[0072]
As noted above, in the present invention, the random deviations of flow samples of the ultrasonic meter 14 are made small by reducing the turbulent eddy sizes such that they are effectively averaged within the acoustic beams of the meter 14. The data of FIG. 6 show the reduction produced by a ¼ inch honeycomb turbulence conditioner 16, as shown in FIG. 1, in a 6 inch duplex ultrasonic meter 14 (the duplex meter 14 consists of two essentially independent meters 14 of four paths each), having transducer apertures 18 of approximately ½ inch diameter. It will be seen that, over a 9:1 range of flows, the turbulence conditioner 16 produces standard deviations for individual flow samples of approximately ½% (versus a standard deviation of 1.2%, which would be expected from the same meter 14 operating in a straight pipe 12 without the turbulence conditioner 16).

[0073]
The reduction in the standard deviation in the flow samples translates into improved proving performance. The proving performance with the honeycomb conditioner 16 was measured by examining the range of meter 14 factors in sets of 5 proving runs each. Ten sets of 5 run trials were carried out for each of the two 4 path meters 14, at two different flow rates and with two different proving volumes—a total of thirty 5 run sets for each of the two meters 14. For twenty of these run sets a prover volume of 20 barrels was employed, 10 sets each at 3400 and 2700 barrels per hour respectively. For the remaining runs a prover volume of 10 barrels with a flow rate of 3400 barrels per hour was employed. Proving volumes in the 10 to 20 barrel range are typical for the two flow rates.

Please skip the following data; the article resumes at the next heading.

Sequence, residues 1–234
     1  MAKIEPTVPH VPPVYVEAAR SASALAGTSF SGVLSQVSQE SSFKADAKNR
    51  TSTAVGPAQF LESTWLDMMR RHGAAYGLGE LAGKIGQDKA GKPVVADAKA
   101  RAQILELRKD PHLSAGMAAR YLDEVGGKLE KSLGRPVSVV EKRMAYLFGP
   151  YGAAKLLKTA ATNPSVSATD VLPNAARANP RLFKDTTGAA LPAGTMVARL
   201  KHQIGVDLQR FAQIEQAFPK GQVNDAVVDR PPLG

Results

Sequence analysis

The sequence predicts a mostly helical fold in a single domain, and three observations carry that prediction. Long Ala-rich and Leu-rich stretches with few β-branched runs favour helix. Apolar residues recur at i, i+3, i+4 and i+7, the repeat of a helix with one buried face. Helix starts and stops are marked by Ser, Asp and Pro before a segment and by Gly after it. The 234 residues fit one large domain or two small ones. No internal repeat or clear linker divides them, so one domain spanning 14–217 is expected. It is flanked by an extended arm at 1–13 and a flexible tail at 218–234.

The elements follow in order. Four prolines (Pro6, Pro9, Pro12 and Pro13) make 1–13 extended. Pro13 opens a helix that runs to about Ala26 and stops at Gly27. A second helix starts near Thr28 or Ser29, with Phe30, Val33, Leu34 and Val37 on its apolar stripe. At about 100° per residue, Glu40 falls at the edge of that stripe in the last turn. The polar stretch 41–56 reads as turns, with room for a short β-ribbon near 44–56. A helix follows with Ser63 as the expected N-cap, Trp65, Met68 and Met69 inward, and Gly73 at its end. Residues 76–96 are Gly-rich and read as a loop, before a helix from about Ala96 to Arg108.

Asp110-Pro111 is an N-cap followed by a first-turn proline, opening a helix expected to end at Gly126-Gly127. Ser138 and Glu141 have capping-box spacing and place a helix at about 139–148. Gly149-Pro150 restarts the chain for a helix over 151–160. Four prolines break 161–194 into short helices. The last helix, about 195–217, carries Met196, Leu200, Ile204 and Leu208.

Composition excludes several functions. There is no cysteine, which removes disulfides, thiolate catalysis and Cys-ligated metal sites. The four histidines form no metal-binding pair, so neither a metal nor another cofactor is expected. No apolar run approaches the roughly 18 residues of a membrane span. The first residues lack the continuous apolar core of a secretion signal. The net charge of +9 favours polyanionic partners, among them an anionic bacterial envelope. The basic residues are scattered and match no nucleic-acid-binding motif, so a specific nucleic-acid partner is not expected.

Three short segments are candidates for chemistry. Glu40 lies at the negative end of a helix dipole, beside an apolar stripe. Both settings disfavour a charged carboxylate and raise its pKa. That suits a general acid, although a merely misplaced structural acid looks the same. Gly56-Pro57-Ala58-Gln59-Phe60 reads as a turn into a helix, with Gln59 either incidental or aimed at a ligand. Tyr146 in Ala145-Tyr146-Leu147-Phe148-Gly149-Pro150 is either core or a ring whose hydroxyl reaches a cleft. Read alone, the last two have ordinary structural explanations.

[0074]
Proving data collected during the tests with the turbulence conditioner 16 of FIG. 1 are presented in FIG. 7. The abscissa of FIG. 7 is the statistical characterization of the flow variability developed in a preceding section: 2×σ_{mean}, twice the quotient of the standard deviation of the individual flow samples measured during a proving run and the square root of the number of samples N taken during that run. N is computed as the product of the ultrasonic meter 14 sample rate (about 50 Hz) and the duration of the run. The ordinate of FIG. 7 is the average range of the proving runs. A linear trend of the data shows that the average range of the data from a set of 5 proving runs is approximately equal to 2×σ_{mean}.

[0075]
This trend line can be used to project proving performance. If two standard deviations of the measurements are ±0.025%, a normal distribution shows that the odds that one run will fall outside a 0.05% band encompassing the mean are 1 in 20. The odds that any one of the remaining four runs will fall outside the opposite end of the band are 1 in 40. Thus the odds of obtaining two results differing by more than 0.05% are: ( 1/20)×( 1/40)+( 1/20)×( 1/40)+( 1/20)×( 1/40)+( 1/20)×( 1/40)=0.005. With 2×σ_{mean.}=0.025%, sets of five proving runs should fall within the prescribed 0.05% range 99.5% of the time.